In the New Testament, the word disciple is mainly found in the gospels and typically relates to the twelve disciples.  However, there are two things interesting to note as it relates to discipleship and the gospels.  The first is the nature of the gospels themselves.  Two of them, Matthew and John, were written by those who were among the twelve.  The tradition that was handed down to Matthew, which likely came from the disciples themselves, preserved the teaching of Christ and information regarding his person and work.  John himself wrote, possibly from memory or possibly from another tradition altogether, a highly theological work dealing with the person and work of Christ.  These men did not leave us funny anecdotes or information about what made Jesus smile or what his favorite color was.  No, they left us his instruction.  They gave us information that would make us disciples.

Secondly, Jesus’ final words to us are “Go therefore and make disciples of all nations” (Matthew 28:19).  The word in the Greek, like the Hebrew, means a continual learner.  D.A. Carson says it like this, “Disciples are those who hear, understand, and obey Jesus’ teaching.”  When Jesus says go and make disciples he is saying go and make a people that want to study the Bible, learn the Bible, and most importantly obey the Bible.  This is how we are a light to the nations.  This is how we can multiply as a church.  Lifestyle evangelism seems to be a popular form of witnessing, but if your lifestyle is more in conformity to the world than the Word, then your lifestyle is not evangelizing.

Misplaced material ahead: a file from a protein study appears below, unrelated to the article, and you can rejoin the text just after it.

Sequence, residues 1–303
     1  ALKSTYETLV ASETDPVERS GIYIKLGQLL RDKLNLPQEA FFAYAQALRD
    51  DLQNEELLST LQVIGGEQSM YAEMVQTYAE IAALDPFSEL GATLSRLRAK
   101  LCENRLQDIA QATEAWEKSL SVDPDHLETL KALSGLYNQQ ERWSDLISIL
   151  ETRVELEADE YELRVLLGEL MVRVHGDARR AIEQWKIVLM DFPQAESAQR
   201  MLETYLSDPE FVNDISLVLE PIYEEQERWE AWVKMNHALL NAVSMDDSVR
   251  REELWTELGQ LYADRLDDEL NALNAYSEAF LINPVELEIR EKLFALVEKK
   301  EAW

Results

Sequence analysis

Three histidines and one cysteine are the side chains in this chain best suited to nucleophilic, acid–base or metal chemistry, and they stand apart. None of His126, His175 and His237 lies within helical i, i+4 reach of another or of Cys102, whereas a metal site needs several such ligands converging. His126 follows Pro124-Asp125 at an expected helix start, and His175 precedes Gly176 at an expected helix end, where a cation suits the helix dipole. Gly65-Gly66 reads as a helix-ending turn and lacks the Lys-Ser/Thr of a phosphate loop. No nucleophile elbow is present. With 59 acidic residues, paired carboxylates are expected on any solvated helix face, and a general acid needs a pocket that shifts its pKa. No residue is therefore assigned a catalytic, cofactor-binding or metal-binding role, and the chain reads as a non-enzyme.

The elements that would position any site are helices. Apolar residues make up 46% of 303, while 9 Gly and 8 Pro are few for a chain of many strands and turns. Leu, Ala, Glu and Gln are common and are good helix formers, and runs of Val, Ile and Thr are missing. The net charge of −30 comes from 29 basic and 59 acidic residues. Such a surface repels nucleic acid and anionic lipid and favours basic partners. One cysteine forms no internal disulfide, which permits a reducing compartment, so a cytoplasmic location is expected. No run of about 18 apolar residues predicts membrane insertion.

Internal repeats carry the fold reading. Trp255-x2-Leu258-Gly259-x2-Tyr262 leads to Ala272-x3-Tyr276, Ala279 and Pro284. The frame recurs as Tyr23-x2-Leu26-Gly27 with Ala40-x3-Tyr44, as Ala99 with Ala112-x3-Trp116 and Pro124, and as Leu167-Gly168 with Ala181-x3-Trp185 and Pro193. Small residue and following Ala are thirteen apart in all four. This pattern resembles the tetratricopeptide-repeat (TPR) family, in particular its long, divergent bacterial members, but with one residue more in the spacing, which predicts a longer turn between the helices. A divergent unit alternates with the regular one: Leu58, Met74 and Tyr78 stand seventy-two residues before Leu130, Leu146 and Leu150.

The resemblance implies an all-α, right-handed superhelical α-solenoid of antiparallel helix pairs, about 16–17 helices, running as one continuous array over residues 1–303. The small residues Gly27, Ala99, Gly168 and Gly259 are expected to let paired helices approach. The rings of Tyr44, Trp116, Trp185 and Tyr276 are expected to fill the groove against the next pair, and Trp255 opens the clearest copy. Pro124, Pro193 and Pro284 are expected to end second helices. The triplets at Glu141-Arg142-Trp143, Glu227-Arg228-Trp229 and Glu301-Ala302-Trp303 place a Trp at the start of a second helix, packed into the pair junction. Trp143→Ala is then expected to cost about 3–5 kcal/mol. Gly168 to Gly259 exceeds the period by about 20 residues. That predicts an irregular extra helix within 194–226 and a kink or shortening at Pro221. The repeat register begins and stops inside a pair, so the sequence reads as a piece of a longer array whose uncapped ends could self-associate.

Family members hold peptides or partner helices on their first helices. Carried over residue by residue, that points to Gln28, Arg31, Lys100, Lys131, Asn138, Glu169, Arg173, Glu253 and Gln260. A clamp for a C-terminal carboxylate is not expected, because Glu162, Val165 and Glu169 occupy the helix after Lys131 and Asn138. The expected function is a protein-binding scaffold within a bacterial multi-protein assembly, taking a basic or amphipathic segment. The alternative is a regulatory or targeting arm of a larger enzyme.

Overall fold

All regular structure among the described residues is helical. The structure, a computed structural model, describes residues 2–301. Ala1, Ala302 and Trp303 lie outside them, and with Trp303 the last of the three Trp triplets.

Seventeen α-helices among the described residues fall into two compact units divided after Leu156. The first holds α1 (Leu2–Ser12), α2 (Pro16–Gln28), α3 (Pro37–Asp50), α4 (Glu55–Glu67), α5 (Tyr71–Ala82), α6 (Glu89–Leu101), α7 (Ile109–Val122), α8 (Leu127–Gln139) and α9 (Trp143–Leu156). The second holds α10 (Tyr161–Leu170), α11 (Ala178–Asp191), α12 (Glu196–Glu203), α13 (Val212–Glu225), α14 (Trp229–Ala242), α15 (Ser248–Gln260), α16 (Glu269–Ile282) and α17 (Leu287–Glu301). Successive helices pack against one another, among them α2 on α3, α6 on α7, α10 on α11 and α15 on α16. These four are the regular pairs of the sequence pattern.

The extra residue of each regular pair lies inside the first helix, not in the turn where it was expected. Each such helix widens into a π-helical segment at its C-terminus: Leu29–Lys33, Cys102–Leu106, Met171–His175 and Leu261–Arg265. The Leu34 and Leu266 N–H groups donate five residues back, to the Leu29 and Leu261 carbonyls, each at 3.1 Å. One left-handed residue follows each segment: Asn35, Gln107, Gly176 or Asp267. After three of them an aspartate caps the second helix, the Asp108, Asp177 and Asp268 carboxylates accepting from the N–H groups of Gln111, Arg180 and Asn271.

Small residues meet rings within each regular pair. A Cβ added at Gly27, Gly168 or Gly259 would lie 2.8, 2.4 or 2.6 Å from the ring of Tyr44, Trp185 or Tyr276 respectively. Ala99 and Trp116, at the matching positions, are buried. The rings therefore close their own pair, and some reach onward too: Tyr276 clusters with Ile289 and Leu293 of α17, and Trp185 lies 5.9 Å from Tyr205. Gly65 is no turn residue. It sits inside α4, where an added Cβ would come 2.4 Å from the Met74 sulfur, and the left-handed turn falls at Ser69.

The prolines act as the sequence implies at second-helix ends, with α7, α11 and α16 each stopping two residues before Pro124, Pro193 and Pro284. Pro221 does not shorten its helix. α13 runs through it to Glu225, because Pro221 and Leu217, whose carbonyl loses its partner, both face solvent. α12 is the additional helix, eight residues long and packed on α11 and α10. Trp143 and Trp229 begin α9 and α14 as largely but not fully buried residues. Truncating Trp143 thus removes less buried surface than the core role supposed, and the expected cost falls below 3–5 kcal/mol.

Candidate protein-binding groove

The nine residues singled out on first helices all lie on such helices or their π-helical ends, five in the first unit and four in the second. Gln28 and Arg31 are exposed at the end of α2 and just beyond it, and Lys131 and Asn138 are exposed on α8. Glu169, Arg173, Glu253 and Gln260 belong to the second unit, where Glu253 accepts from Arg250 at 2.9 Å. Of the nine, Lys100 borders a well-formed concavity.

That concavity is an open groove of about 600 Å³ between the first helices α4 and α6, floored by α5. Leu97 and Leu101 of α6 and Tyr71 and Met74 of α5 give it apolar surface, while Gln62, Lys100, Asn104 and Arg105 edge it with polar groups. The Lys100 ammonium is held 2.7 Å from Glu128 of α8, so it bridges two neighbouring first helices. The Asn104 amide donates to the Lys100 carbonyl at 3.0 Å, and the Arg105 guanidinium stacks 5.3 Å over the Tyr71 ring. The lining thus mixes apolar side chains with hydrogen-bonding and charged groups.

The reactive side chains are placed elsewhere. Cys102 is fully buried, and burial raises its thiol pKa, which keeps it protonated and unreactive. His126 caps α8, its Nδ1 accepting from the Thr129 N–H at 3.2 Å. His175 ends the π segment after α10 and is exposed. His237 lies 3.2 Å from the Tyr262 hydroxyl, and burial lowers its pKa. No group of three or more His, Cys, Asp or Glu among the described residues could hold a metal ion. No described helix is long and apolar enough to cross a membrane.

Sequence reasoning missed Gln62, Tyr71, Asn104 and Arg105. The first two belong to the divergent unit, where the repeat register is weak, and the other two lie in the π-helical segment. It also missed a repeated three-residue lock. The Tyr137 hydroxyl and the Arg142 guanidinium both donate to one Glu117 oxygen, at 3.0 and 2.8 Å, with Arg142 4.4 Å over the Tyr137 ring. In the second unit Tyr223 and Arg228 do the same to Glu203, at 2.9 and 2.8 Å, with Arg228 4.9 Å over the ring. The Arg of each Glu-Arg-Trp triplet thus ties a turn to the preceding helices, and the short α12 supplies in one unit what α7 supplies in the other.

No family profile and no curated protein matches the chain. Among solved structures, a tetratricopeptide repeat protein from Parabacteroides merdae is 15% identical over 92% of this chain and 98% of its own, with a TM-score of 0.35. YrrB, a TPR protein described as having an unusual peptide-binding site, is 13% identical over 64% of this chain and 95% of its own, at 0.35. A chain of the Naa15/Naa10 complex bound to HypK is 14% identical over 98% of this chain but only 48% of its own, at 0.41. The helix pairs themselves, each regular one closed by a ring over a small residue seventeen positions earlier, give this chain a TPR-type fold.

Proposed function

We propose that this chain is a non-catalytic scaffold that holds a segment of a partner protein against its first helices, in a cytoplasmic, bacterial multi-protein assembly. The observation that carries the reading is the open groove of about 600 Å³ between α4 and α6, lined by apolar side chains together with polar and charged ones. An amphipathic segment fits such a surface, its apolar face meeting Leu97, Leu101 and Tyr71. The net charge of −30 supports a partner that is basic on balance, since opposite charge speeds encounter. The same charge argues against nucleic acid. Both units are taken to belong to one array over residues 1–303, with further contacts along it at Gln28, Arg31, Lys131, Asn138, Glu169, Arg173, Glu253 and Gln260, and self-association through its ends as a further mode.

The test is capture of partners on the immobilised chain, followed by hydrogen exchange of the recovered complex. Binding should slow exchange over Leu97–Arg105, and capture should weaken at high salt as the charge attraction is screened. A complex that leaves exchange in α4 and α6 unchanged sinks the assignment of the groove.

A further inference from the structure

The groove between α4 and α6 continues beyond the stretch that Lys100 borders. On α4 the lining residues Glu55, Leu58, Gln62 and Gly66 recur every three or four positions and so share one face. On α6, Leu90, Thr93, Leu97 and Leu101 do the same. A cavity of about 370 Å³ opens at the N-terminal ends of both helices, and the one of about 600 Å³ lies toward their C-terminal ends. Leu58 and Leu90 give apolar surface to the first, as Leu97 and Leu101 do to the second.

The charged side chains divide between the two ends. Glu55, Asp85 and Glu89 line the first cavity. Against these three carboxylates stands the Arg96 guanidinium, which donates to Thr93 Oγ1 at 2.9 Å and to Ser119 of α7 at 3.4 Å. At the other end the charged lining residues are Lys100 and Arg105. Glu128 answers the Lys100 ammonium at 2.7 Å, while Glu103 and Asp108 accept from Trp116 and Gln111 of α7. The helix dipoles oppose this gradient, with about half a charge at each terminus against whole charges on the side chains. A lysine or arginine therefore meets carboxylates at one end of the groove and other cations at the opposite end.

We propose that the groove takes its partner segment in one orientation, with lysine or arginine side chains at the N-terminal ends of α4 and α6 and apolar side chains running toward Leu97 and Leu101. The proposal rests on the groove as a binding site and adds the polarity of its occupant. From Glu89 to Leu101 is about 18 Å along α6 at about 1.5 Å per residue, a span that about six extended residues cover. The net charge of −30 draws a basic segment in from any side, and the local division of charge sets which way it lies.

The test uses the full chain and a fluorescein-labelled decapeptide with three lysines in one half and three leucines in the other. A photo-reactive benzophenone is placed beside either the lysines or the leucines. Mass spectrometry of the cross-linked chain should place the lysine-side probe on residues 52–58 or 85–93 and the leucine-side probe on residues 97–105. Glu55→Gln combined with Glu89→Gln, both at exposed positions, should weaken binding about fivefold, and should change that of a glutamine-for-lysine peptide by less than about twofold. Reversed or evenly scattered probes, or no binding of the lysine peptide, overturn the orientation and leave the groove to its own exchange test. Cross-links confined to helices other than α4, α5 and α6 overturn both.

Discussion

A practical way churches can begin to return to biblical discipleship is through Sunday School classes.  I read recently a little book titled, Transformational Sunday School but David Francis.  He makes an interesting point that Sunday Schools began as a missionary enterprise.  He encourages us to begin to view each Sunday School class as a different people group and to begin to structure our Sunday School classes in order to disciple each particular people group in a way that is contextualized for each group.  Sunday School ought to be an effective tool for making disciples.  Whatever the method, though, I encourage you to make biblical disciples!